The Fourth Circuit will soon become one of the few federal courts of appeals to examine the question of whether statistical sampling is a valid method for proving either liability or damages in an FCA case.  In United States ex rel. Michaels v. Agape Senior Community, Inc., two former employees brought an FCA claim against a nursing home operator, alleging that it defrauded Medicare and other federal health care programs by submitting false claims for payment for hospice care and general inpatient services.  No. 0:12-3466-JFA, 2015 WL 3903675, at *1 (D.S.C. June 25, 2015).  According to the district court, the total number of potential claims arguably subject to the allegations was "staggering," with estimates ranging from approximately 50,000 to 60,000, and experts predicting that reviewing all claims on an individual basis could cost over $36 million.  Id.  As a result, the relators in the case pushed for statistical sampling to prove their claims.  The district court squarely rejected this argument, finding that it would violate the law and stating that the medical charts for all of the contested claims were "intact and available for review."  Id. at *67.  The court recognized, however, that other courts had permitted the use of sampling in certain situations and certified its ruling for immediate appeal.  Id. at *89.  The Fourth Circuit agreed to hear the case on September 29, 2015.  We will track this case closely. 

E.   The Fourth Circuit Offers Guidance on When FCA Damages and Penalties May Be Unconstitutional 

The Fourth Circuit is the latest appellate court to weigh in on the issue of the constitutionality of damages and penalties awarded under the FCA.  In United States ex rel. Drakeford v. Tuomey, 792 F.3d 364 (4th Cir. 2015), the Fourth Circuit affirmed a $237 million verdict against Tuomey Hospital.  Tuomey argued that the damages and penalties were unconstitutional under the Excessive Fines Clause of the Eighth Amendment and the Due Process Clause of the Fifth Amendment.  In assessing these arguments, the Fourth Circuit regarded the entire civil penalty amount awarded ($119.5 million) as punitive, the actual damages ($39.3 million) as compensatory, and the additional sum resulting from the trebling of actual damages ($78.6 million) as a hybrid of the two, with the portion allocated under the law to the relator being compensatory and the balance punitive.  Id. at 389.  Based upon this calculation, the court determined that the ratio of punitive damages to compensatory damages was approximately 3.6-to-1, which it concluded fell just under the ratio the Supreme Court deems constitutionally suspect under the Due Process Clause.  Id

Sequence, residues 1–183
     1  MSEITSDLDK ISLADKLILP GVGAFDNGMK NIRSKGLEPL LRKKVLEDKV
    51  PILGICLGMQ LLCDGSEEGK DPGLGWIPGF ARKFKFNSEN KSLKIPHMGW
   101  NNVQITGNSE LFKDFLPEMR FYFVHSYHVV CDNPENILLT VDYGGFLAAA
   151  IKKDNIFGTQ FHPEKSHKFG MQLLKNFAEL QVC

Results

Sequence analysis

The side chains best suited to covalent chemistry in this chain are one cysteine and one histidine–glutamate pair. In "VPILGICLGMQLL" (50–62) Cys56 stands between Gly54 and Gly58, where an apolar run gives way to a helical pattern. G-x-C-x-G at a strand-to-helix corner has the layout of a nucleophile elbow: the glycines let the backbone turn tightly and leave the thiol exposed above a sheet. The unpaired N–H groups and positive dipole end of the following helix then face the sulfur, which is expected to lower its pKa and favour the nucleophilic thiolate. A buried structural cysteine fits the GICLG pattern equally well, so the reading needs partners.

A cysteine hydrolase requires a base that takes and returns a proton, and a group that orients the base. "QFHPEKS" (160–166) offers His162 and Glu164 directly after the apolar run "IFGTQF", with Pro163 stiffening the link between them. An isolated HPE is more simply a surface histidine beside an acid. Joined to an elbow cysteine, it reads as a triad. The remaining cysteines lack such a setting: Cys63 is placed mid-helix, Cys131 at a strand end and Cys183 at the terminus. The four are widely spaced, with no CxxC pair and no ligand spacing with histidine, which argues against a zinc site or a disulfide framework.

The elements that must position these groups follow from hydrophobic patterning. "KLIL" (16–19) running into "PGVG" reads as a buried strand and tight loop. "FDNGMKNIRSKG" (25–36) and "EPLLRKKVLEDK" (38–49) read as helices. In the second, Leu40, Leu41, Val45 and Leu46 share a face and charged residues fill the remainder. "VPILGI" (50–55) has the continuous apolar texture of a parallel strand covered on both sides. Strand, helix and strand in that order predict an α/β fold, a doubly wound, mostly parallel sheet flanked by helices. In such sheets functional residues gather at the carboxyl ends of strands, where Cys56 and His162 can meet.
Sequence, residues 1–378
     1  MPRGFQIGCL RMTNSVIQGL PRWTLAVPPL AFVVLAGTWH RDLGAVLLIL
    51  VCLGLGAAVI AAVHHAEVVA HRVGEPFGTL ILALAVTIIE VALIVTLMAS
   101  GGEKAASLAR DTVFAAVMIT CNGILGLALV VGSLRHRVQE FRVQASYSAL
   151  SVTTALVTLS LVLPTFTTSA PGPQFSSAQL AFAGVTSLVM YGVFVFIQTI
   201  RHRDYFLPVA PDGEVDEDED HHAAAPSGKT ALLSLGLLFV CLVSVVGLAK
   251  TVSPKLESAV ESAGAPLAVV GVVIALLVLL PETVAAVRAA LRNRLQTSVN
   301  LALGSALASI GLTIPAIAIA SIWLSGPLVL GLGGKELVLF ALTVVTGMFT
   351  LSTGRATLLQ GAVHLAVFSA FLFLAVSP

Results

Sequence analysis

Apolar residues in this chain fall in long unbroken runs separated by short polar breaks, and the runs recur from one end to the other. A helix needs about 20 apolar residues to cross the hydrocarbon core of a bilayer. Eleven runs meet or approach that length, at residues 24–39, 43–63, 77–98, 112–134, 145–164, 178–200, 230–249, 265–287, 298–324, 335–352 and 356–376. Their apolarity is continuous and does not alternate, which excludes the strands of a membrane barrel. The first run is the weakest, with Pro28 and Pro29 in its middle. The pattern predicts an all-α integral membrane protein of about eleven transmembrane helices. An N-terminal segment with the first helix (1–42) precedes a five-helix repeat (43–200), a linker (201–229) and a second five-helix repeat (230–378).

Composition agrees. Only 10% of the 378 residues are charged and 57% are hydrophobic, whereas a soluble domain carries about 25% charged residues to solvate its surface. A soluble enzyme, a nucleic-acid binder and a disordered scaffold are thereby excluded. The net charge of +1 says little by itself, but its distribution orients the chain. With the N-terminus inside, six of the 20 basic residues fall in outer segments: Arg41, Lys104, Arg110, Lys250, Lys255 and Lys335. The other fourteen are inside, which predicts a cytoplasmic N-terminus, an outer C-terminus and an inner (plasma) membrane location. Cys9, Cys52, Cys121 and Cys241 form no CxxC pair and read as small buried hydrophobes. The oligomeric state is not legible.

Tuomey‘s legacy may be its method of calculating what is "punitive" versus "compensatory" under the FCA, at least for purposes of determining the constitutionality of damages and penalties awards.  If the entire amount of penalties awarded in a case is "punitive" and that amount dwarfs a minor "compensatory" damages number, then Tuomey may compel the conclusion that such an award is unconstitutional.  Similarly, it will be interesting to see whether other courts agree with the Fourth Circuit’s view that part, but not all, of the trebled amount of compensatory damages is punitive.  

F.   The Fifth Circuit Addresses When a Relator’s Violation of the FCA’s Seal Requirement Should Result in a Dismissal of the Case

When a relator initially files an FCA qui tam case, the relator must serve it only on the government and file it under seal–meaning it is not served on the defendant and is confidential.  31 U.S.C. § 3730(b)(2).  This allows the government to investigate the allegations without providing notice to the defendant.

In United States ex rel. Rigsby v. State Farm Fire & Casualty Co., the Fifth Circuit examined whether a relator’s violation of the FCA’s seal requirement–by disclosing the existence of the lawsuit while it remains under seal–warrants dismissal.  794 F.3d 457, 470 (5th Cir. 2015).  There, the relator allegedly "disclosed the existence of the lawsuit to several news outlets" while it was still under statutorily required and court-ordered seal.  Id. at 471.